11 June, 2013

Refugee Week



THE SALVATION ARMY ASYLUM SEEKER SUPPORT SERVICES – A SERVICE PROVIDERS PERSPECTIVE

The Salvation Army Asylum Seeker Support Services opens three days a week to help asylum seekers from across Victoria who are struggling to survive.  We help with basics such as food, supermarket vouchers, clothing and other donated goods.  

Our centre relies totally on donations to help approximately 100 people per month.  Unfortunately, there are many we cannot help.  In April we turned away 313 and in May we couldn’t see 403 needy asylum seekers.
It’s difficult saying “I’m sorry, but we are booked out and cannot see you…” to people who we know are living on less than a Centrelink benefit.  Some have no income whatsoever and we know many are sleeping on the floor and others are hungry.

Requests for blankets, pillows and other basics outstrip what we are able to provide.

The Salvation Army across Australia will continue to help asylum seekers with basics like food, clothing, furniture and household goods.  The Salvation Army Asylum Seeker Support Services in Brunswick, Melbourne is also exploring other ways in which we can support asylum seekers.

In August we will commence to train volunteers in ways they can personally support asylum seekers who are living in our community.  Our “Connecting to Community Project” will match compassionate community mentors with an asylum seeker who simply need a friend who will help them to adjust to life in Australia.   

Volunteers will supported by a qualified Project Officer.  Supporting an asylum seeker will be a life enriching and at times challenging journey for many Connecting to Community volunteers.  Are you ready for a new challenge and live in Melbourne’s Western, Northern or Inner City suburbs?  Feel free to get in touch with us to find out more!

For more information on our work with asylum seekers please contact us on:-
Centre phone: (03) 9384 8333 on Monday, Wednesday & Friday – 9 am to 3 pm.

E-mail: karen.elkington@aus.salvationarmy.org , colin.elkington@aus.salvationarmy.org , jeremiah.temple@aus.salvationarmy.org

Major Karen Elkington (Major)
Manager – The Salvation Army Asylum Seeker Support Services


"From data captured through our social services, It is concerning that numbers of asylum seekers presenting at centres for assistance has risen and continues to rise. A conservative analysis run in May has shown that there is a 3% average rise across emergency relief and homelessness services.  It is likely that these figures underestimate actual presentations due to either non-disclosure by clients or other data capture issues. It is also likely data would be higher in 2013 due to increased numbers released into the community." Marion Weymouth.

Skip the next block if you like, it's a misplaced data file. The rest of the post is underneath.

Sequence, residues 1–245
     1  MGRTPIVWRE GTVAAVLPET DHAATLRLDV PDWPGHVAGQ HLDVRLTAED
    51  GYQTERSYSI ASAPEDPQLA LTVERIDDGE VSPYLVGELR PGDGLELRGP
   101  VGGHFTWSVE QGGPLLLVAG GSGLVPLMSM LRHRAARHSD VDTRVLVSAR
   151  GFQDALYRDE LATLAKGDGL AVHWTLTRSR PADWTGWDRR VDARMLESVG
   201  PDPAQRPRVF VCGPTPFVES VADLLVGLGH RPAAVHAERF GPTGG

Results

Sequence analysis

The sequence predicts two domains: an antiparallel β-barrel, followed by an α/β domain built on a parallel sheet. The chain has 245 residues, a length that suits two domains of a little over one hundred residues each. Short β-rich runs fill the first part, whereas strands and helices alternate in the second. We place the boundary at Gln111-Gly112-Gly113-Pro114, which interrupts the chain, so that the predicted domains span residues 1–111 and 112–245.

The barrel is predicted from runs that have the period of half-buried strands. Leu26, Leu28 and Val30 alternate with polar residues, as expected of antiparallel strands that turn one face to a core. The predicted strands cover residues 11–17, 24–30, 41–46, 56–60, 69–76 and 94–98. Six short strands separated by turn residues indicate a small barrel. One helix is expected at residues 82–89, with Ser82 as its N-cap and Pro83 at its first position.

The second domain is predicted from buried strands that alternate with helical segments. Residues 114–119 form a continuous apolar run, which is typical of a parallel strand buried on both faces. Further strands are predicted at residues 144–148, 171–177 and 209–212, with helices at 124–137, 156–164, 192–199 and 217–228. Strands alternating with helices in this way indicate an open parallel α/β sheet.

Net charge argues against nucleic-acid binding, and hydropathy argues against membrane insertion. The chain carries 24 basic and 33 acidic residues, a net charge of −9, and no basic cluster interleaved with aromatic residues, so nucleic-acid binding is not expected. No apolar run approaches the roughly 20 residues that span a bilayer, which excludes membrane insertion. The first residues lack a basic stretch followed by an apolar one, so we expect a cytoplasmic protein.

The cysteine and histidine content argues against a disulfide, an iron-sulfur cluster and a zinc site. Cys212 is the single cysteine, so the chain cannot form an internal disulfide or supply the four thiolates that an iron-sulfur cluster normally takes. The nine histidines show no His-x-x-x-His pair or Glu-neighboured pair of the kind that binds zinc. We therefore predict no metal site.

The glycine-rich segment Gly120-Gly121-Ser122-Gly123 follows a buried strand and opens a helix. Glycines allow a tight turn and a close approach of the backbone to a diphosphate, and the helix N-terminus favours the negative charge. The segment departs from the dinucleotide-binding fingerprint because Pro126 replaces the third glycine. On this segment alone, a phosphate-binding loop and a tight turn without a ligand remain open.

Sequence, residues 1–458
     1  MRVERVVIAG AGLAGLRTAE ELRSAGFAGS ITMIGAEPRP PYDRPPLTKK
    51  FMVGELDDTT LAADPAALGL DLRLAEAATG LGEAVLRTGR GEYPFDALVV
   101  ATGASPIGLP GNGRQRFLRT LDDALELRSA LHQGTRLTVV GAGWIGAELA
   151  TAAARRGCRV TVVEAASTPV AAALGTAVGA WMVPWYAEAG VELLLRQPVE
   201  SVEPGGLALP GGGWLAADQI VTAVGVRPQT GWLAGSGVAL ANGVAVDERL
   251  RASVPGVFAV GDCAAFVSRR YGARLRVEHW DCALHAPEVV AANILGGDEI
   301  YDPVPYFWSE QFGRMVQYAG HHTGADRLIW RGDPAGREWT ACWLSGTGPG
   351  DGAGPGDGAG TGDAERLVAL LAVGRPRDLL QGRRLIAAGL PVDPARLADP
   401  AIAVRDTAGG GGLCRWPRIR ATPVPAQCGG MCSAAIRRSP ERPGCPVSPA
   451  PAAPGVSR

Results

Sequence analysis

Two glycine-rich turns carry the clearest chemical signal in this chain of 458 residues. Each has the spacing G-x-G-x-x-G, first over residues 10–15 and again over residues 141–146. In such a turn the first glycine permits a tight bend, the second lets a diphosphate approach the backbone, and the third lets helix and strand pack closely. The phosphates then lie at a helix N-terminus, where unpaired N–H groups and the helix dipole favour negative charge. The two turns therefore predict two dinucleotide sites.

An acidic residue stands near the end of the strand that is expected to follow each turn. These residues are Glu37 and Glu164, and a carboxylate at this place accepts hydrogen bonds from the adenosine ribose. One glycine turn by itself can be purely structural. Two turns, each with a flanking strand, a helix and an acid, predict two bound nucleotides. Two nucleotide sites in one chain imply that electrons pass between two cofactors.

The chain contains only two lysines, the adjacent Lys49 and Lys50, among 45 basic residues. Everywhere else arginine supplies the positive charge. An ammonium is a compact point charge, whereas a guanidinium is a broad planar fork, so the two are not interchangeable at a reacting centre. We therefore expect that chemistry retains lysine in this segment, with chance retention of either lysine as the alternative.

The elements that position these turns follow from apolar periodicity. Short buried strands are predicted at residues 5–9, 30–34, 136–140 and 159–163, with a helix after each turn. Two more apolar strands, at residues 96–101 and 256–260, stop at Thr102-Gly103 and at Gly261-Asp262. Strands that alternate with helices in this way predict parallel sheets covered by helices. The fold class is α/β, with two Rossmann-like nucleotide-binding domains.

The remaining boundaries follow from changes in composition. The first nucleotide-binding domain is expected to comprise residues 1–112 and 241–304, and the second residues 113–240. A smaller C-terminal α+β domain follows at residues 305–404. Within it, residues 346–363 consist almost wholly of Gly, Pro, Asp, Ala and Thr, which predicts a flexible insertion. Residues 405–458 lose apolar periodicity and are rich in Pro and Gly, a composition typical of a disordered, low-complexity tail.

For further reading, check  ABC RN Background briefing here. This breifing states, "Thousands of asylum seekers are being released from detention into the community but under the federal government’s ‘no advantage’ policy they are not allowed to work and they receive just $30 a day to pay for rent, food and all other expenses. Charities are reporting a huge increase in demand for their services and warn that a new subclass of people is being created".

Captain Nesan Kistan at Auburn  in NSW is quoted: "Most social commentators will tell you that you are creating a subclass of people. And when you’re creating a subclass of people you are creating a ghetto, and by creating a ghetto you’re creating many antisocial behaviours. ‘This cannot be blamed on asylum seekers. It has to be considered that when you actually put people into a position such as this you’re not creating a healthy outcome for people. You are not allowing them to achieve their potential. You are actually ripping them apart, you’re demoralising them and you’re putting incredible pressure on them’ .

What is an appropriate response from Australian communities to this type of disadvantage?  Over Refugee Week (June 16 - 22) and on World Refugee Day (June 20) , let us take time to read and delve,  discover truths for ourselves, and ask ourselves how we may contribute to the human dignity, compassion and justice that is so desperately needed.







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